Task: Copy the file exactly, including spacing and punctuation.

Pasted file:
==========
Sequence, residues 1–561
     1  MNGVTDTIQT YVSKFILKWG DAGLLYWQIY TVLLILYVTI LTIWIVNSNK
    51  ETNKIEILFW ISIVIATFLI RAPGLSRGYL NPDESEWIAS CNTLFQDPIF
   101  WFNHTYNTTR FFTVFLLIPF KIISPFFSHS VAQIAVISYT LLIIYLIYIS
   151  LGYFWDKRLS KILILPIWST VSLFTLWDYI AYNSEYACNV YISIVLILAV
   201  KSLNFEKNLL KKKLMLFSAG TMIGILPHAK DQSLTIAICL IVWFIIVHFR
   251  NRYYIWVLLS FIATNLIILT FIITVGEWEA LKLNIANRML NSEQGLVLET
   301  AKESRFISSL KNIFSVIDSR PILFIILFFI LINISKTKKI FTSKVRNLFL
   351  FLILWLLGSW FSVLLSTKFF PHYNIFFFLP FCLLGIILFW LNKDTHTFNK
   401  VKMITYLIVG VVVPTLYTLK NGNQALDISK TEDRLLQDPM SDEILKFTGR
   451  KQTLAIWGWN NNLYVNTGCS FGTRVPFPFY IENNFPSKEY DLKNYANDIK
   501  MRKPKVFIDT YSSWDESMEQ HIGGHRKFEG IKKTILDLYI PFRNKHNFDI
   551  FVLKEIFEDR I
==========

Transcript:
Sequence, residues 1–561
     1  MNGVTDTIQT YVSKFILKWG DAGLLYWQIY TVLLILYVTI LTIWIVNSNK
    51  ETNKIEILFW ISIVIATFLI RAPGLSRGYL NPDESEWIAS CNTLFQDPIF
   101  WFNHTYNTTR FFTVFLLIPF KIISPFFSHS VAQIAVISYT LLIIYLIYIS
   151  LGYFWDKRLS KILILPIWST VSLFTLWDYI AYNSEYACNV YISIVLILAV
   201  KSLNFEKNLL KKKLMLFSAG TMIGILPHAK DQSLTIAICL IVWFIIVHFR
   251  NRYYIWVLLS FIATNLIILT FIITVGEWEA LKLNIANRML NSEQGLVLET
   301  AKESRFISSL KNIFSVIDSR PILFIILFFI LINISKTKKI FTSKVRNLFL
   351  FLILWLLGSW FSVLLSTKFF PHYNIFFFLP FCLLGIILFW LNKDTHTFNK
   401  VKMITYLIVG VVVPTLYTLK NGNQALDISK TEDRLLQDPM SDEILKFTGR
   451  KQTLAIWGWN NNLYVNTGCS FGTRVPFPFY IENNFPSKEY DLKNYANDIK
   501  MRKPKVFIDT YSSWDESMEQ HIGGHRKFEG IKKTILDLYI PFRNKHNFDI
   551  FVLKEIFEDR I